Much of the conflict has revolved around whether or not the economic and social impact of research should feature in the regime that will replace the research assessment exercise. ...
Our starting point should be to remember that the RAE was deeply flawed. It was dominated by vested interests, was embarrassingly subjective and seriously undervalued those scholars who bridge the worlds of academe and practice.
The REF is, then, a major step forward from the RAE not least because it broadens the definition of research. To suggest, as the REF does, that research is 'a process of investigation leading to new insights effectively shared' invites all scholars to think afresh about how they communicate their research findings and to whom. ...
Yes, there are challenges in research impact assessment. New thinking, around, say, research 'possibilities' is needed. But once academics recognise that research findings should be 'shared', we have made a significant step forward. By definition we are now discussing research impact or, at least, potential research impact.
However, the intellectual argument relating to research impact, rather like the debate about the expansion of university public engagement activities, goes much deeper than a discussion of how scholars can improve the manner in which they communicate with different audiences - important as this is.
Rather it concerns a reshaping, for some disciplines at least, of the way scholarship is conceived. It heralds a move towards the notion of 'engaged scholarship'. Many UK academics - medics are a classic example - are already actively engaged with stakeholders outside the campus in the process of defining research questions and co-producing new knowledge.
This is not to suggest that all scholars should be 'engaged scholars' - indeed, that would be a bad thing. But the research impact debate can open up the possibility of broadening the definition of scholarship."
(Robin Hambleton, 4 February 2010, Times Higher Education)
"The Research Excellence Framework (REF) is the new system for assessing the quality of research in UK higher education institutions (HEIs). In previous years, research quality has been assessed periodically through the Research Assessment Exercise (RAE).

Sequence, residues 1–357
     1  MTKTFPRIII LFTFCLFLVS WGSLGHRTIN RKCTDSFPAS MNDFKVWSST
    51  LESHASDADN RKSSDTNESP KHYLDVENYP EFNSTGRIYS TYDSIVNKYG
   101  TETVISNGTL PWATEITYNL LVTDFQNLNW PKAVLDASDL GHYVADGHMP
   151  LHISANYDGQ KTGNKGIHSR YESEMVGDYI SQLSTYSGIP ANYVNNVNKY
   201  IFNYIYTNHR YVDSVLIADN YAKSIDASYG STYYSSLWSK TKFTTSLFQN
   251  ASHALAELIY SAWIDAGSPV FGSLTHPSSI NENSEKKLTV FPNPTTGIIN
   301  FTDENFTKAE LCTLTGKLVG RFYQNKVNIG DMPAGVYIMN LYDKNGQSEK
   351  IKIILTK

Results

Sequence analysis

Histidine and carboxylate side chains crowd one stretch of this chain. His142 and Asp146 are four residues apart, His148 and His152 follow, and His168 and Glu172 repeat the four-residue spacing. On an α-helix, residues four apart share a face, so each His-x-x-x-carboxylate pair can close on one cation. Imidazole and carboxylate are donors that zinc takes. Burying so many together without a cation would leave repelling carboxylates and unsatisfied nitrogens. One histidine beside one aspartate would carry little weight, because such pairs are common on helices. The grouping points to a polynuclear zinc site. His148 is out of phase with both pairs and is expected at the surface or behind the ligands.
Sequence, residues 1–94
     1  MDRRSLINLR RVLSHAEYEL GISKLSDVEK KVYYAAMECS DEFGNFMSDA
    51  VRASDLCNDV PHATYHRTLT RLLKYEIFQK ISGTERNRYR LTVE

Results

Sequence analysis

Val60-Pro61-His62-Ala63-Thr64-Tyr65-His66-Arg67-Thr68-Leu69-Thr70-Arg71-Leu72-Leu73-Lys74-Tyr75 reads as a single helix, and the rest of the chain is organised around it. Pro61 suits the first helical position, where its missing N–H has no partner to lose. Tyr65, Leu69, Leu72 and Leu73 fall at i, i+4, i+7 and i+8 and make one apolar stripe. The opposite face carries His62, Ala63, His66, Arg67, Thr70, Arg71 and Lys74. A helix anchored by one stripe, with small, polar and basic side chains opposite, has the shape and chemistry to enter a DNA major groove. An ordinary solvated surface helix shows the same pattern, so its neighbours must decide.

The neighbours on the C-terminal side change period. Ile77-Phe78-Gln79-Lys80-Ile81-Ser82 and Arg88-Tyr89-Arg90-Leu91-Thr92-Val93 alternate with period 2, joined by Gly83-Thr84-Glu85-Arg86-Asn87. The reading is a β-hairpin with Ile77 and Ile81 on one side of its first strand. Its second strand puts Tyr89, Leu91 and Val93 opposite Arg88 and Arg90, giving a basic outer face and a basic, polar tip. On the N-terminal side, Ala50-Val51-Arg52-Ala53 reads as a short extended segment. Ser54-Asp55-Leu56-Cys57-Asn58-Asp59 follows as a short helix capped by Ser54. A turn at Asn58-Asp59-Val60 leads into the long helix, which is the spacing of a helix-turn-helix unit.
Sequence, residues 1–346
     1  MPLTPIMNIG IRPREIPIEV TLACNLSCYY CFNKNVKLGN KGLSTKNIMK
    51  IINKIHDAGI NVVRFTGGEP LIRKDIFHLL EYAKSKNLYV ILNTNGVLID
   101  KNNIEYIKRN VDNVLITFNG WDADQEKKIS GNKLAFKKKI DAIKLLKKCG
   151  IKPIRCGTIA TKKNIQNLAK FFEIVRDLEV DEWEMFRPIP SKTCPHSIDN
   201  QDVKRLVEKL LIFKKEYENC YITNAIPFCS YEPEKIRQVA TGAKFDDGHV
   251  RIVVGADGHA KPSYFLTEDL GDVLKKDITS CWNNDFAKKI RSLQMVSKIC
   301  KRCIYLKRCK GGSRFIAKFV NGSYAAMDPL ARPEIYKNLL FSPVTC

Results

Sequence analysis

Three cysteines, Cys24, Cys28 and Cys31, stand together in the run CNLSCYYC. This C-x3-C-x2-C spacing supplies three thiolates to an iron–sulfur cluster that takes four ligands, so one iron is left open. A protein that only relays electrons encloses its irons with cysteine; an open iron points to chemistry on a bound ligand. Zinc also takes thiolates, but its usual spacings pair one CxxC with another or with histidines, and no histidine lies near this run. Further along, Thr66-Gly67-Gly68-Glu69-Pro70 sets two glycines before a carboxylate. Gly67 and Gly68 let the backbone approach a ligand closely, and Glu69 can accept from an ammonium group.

We are currently consulting on proposals for the new framework. We will issue guidance on the REF in 2010 after completing the consultation. The first REF exercise is due to be completed in 2013.
We are working in collaboration with the Scottish Funding Council, the Higher Education Funding Council for Wales, the Department for Employment and Learning (Northern Ireland), and with a wide range of stakeholders to develop the new framework. Representatives of the four funding councils sit on a steering group which oversees its development.
The REF will focus on three elements, which together reflect the key characteristics of research excellence. These are:
* Outputs: The primary focus of the REF will be to identify excellent research of all kinds. This will be assessed through a process of expert review, informed by citation information in subjects where robust data are available (for example, in medicine and science).
* Impact: Significant additional recognition will be given where researchers build on excellent research to deliver demonstrable benefits to the economy, society, public policy, culture and quality of life. Impacts will be assessed through a case-study approach that will be tested in a pilot exercise.
* Environment: The REF will take account of the quality of the research environment in supporting a continuing flow of excellent research and its effective dissemination and application."
(Higher Education Funding Council for England)